Paper Dolls and Strong Women – Parvus Press

Paper Dolls and Strong Women


Hello, Parvus People! Firstly, we must thank you for another week of solid submissions. You’re making our job of selecting our debut acquisitions incredibly difficult. We hope to have some announcements on that front by the end of March, though, so keep an eye on your social media feeds!

This week, I’d like to continue our post series on feedback from the submission pool by focusing on characterization. One of the biggest challenges in writing is developing the skill to write fully realized, three dimensional, believable characters that are different from yourself. If you’re a nice, easy-going, gregarious person, it may be a real difficulty for you to write a believable villain who shares none of those traits.

That’s not to say it can’t be done. It’s just hard. But writers don’t write because it’s easy, do they?

Writing a different personality is hard enough; but how about a completely different gender? We have consistently seen male writers stumbling pretty seriously at writing strong women. This is often because the writer is approaching the character development with an RPG paper-doll mentality.

What do I mean? In a roleplaying game, you add armor, weapons, etc. to your character to modify their kit by dragging and dropping it onto the paperdoll that represents the character. Taking too much damage? Drop on some armor. Getting too involved in the melee? Drop on a crossbow. Character prone to eating lightning bolts? Drop on a ring of lightning protection. With paperdoll mentality, you are adding a specific item to the character to address every individual specific need.

Do you need to demonstrate that your character is struggling against a world in which she has no power? Give her anger. Need to show that she is lost in this uncomfortable environment? Make her silent. Does she have some long suppressed pain that she struggles against? Make her jumpy. This is paperdoll character building and it’s absolutely terrible.

When you show us that your male POV character is scared, how do you do that? Generally, you do it by having the character express outward confidence while telling us that they are nervous. You don’t have them express over-the-top arrogance. You don’t have them overcompensate. Why would you write your supporting female character as somebody who overcompensates with arrogance for fear?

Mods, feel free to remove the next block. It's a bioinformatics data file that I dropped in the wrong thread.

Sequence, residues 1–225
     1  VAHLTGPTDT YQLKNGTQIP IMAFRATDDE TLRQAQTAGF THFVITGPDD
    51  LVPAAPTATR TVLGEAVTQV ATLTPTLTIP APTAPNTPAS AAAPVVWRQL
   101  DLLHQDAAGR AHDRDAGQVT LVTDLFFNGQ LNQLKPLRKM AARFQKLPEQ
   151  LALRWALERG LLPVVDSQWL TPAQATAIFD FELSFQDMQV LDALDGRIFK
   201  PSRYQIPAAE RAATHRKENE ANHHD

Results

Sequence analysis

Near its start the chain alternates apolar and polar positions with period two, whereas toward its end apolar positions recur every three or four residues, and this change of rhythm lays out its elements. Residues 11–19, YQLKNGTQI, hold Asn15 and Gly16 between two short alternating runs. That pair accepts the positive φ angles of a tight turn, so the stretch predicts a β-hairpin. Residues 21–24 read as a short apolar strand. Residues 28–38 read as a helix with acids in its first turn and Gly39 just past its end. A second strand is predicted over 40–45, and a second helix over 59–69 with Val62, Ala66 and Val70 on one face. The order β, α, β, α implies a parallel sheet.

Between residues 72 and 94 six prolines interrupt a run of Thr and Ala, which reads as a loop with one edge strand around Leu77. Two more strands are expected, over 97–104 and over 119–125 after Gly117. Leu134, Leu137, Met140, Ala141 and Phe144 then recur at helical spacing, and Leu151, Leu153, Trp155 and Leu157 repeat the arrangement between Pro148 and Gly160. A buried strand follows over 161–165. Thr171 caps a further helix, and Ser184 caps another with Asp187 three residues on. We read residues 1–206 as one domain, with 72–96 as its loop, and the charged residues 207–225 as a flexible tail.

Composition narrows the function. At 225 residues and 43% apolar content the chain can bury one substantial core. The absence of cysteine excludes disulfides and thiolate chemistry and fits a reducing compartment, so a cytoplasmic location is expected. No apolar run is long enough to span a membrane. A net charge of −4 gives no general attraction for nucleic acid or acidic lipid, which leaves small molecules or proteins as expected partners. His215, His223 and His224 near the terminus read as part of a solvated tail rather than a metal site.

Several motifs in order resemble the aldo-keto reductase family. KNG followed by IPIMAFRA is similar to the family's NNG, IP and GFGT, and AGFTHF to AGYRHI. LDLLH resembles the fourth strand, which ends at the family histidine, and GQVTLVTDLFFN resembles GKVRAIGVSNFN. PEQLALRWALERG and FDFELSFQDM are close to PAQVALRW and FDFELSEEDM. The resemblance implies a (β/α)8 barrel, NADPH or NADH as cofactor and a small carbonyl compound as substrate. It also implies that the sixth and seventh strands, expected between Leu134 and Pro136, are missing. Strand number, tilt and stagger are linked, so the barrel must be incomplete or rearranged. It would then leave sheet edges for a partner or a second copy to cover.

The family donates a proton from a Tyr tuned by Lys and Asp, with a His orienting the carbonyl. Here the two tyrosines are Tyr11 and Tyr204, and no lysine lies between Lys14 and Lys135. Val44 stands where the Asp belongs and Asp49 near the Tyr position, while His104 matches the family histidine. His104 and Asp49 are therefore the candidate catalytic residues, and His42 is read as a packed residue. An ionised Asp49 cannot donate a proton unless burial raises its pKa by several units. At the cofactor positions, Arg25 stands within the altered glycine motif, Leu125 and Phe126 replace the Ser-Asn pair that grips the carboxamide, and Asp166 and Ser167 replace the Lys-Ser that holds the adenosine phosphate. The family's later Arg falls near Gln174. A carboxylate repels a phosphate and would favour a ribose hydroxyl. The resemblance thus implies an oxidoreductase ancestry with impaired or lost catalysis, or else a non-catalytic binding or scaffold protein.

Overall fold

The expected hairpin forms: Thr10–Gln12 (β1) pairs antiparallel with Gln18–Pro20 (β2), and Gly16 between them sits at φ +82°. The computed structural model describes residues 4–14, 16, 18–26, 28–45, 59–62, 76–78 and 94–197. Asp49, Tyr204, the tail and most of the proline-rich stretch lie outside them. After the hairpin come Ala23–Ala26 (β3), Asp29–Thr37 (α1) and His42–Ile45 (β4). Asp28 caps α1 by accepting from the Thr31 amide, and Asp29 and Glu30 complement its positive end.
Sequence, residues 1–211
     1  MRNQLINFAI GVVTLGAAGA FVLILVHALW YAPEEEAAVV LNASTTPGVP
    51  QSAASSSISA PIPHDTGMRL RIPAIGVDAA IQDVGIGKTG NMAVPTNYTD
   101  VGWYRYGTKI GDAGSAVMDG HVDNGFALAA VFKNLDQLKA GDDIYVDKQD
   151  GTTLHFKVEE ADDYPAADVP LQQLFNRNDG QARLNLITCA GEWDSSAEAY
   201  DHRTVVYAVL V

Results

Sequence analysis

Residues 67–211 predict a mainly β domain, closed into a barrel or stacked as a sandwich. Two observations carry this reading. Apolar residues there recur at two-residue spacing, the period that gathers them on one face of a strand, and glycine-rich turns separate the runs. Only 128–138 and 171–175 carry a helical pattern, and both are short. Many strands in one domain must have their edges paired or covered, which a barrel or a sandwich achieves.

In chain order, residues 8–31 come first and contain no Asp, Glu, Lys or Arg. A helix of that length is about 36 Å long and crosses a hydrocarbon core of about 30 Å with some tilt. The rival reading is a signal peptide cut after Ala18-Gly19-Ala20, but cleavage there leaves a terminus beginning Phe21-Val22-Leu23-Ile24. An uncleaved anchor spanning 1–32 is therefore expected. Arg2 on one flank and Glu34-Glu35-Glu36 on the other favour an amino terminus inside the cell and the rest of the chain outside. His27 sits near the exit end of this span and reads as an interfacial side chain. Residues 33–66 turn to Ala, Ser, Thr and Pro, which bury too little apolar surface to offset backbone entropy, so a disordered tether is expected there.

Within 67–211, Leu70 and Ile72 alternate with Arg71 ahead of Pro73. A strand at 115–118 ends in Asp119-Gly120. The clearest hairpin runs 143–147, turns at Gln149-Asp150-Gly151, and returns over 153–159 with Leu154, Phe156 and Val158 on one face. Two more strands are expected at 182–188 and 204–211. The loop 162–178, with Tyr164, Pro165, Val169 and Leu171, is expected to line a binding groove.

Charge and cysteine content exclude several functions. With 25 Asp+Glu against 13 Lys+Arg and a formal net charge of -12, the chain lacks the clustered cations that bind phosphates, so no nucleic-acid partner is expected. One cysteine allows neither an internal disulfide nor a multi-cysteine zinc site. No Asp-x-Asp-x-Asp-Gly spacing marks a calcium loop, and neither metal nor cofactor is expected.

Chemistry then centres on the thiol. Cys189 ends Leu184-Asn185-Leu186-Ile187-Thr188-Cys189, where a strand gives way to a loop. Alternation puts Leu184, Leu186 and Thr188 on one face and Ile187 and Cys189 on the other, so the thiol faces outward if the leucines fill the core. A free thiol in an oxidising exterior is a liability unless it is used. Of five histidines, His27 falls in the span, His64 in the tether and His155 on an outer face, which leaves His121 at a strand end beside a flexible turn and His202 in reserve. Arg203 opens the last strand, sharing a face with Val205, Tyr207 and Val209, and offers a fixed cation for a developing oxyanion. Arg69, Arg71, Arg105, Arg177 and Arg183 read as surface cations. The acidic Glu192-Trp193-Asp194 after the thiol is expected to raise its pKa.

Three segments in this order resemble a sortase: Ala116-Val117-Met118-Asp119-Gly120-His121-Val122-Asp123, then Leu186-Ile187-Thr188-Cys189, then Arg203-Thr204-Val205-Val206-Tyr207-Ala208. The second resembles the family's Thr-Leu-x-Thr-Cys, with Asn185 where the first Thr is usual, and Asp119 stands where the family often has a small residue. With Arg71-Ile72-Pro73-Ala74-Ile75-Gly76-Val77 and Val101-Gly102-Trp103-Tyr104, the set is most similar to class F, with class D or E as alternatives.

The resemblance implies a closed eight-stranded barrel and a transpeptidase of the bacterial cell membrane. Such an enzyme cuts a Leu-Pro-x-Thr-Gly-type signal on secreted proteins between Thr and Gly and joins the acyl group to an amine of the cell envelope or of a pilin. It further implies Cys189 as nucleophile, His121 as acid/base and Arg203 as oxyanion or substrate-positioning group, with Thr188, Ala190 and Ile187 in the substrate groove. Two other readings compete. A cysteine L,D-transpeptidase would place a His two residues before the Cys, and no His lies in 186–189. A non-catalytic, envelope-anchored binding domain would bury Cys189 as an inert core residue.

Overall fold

Your male POV character was just drafted into the army. He’s been a small village hayseed his whole life, but now he is among hundreds of other yokels training with rusty weapons and dented armor in a Duke’s conscripted force. How does he deal with this sudden change of circumstance? How does he handle being uprooted and dropped in such a wildly different and dangerous environment? He probably tries to make a few friends.

Why, then, do your female characters react to these same scenarios by drawing into themselves? Why do they present a cold, harsh exterior to everyone around them and snap at anyone who expresses kindness?

It’s lazy writing and weak characterization to make ANY character so flat and one dimensional that they present only one emotion to the reader. All characters are a complex weave of motivations and emotions; make sure that you are keeping that in mind when building them. Quite often, male writers have a bigger problem with this when writing female characters.

I believe that’s from the largely false belief that women are so wildly different than men. Human emotional tells are nearly universal. So much of them are built into our autonomic systems. The blush response, the twitch of hand to heart when we are terrified, the duck reflex. These things don’t care whether you are male or female. There is a commonality of response to stressors.

You don’t need to make your female characters distant to show they are strong; show them overcoming adversity. You don’t show their vulnerability by making them emotionally weak; show their compassion. You don’t show that they are scared by having them lash out at everyone like a cornered rat; show them looking to form a bond with somebody with whom they can share their fear.

In short, make your female characters as human as you make your male characters.

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